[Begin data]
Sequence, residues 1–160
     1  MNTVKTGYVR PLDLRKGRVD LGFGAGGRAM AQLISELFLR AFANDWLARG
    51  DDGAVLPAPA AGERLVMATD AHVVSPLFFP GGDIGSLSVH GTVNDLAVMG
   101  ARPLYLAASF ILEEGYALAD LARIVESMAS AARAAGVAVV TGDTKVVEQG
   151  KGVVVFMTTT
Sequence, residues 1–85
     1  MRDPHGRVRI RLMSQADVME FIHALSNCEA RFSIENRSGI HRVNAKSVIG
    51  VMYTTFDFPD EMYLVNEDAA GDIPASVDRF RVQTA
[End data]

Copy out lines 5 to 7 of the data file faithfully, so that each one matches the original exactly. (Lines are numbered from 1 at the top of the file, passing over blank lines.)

   151  KGVVVFMTTT
Sequence, residues 1–85
     1  MRDPHGRVRI RLMSQADVME FIHALSNCEA RFSIENRSGI HRVNAKSVIG